Lord Wolfson's complaint focuses on trading statements made during the hostile - and ultimately successful - pounds 1.6bn bid. And, while there is no suggestion that Argos issued misleading profit forecasts, this is much the same sort of area examined by a report to be published by the Institute of Chartered Accountants of Scotland next month.
The study, by Dr Niamh Brennan of University College Dublin's department of accountancy, refrains from recommending that profit forecasts be made mandatory in takeovers. Instead it calls for greater consistency in reporting, a minimum level of disclosure and better control on disclosure of assumptions.
The report does not stop there, pointing out that while takeovers and mergers have attracted a lot of academic attention, the area is otherwise little covered. Dr Brennan identifies "issues that those about to embark on a takeover may wish to consider".
These include: Why do companies in takeover situations disclose forecasts when in normal trading situations such disclosures are unlikely? Is it in the interests of investors for companies who do not routinely disclose forecasts to do so in takeover situations?
Are amounts forecast during takeover bids different from those forecast in routine situations? Are amounts forecast during contested bids different from those forecast in agreed bid situations? Are forecasts during takeover bids as accurate as forecasts disclosed in other situations? Are profit forecasts effective in defending against hostile takeover bids? How influential are advisers in the decision to disclose profit forecasts? Is there any evidence of ritualistic or herding behaviour by advisers when publishing forecasts?
While pondering what Dr Brennan refers to as "challenges", companies and their advisers might want to take account of the report's actual findings.
They are based on an examination of 701 takeover bids for companies quoted on the London Stock Exchange between 1988 and 1992 and 11 in-depth interviews with people who had taken part in one or more of these transactions.
Some of the conclusions are obvious - such as the notion that whether a forecast discloses "good" or "bad" news is a factor influencing disclosure, or the idea that target companies use forecasts to support directors' recommendations, either to fight the bid in a contested situation or to accept the terms when there is an agreed deal.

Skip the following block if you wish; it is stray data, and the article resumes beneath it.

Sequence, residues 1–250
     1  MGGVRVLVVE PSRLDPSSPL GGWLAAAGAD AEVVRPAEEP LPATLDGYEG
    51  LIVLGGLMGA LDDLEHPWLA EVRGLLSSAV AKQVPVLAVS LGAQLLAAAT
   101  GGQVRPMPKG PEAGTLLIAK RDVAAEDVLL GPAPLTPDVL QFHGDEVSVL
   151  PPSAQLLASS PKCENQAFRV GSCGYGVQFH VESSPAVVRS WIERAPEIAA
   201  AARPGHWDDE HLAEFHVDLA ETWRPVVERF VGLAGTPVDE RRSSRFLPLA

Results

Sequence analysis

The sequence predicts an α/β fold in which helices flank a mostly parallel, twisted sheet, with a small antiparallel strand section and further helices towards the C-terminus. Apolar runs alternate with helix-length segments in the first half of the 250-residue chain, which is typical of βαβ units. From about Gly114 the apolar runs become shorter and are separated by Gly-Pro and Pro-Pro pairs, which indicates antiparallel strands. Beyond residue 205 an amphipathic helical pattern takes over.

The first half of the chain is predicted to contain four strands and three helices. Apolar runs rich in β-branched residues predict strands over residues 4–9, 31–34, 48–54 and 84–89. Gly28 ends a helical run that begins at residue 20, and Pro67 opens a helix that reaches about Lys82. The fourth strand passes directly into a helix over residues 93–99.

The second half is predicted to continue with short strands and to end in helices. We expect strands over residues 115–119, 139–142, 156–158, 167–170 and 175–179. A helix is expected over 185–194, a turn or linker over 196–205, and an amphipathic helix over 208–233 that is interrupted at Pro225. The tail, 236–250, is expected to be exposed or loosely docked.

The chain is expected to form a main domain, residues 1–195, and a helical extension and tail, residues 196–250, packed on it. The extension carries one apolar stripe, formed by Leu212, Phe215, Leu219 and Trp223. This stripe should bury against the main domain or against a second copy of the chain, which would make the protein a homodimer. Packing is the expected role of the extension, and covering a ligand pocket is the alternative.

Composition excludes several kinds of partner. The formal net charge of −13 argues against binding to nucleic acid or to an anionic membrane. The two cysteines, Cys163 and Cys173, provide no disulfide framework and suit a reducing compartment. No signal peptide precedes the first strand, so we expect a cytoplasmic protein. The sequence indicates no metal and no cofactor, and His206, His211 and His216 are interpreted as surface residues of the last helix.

However, it also points out that: "There was no consensus on what the benefit of disclosure is, although most commentators referred to forecasts in the context of getting an increase in offer price," and adds: "There was only one mention of a forecast defeating a bid."
Put like that, it is perhaps hardly surprising that forecasts have not been too closely examined by the academic community. But that does not prevent Dr Brennan from coming up with her various calls for action - though it appears that even she has trouble getting worked up about them. For example, while urging companies to adopt consistent disclosure practices for good news and bad news, she states: "Although desirable, in practice it would be difficult to devise regulations to ensure that good and bad news are communicated in the same way."
Moreover, she favours the publication of quarterly figures - as has been the case in the US for some time and is increasingly true of British companies with a strong international presence - over mandatory profit forecasts.
This is on the grounds that investors will interpret the absence of a forecast in the worst possible way and "are therefore not disadvantaged by their non-disclosure".
In other words, this is a bit of a murky area, but one in which the participants should be able to look after themselves. As a result - apart from a little tightening of ground rules - nothing much needs to be done to a situation where the principle "caveat emptor" rules. Lord Wolfson take note.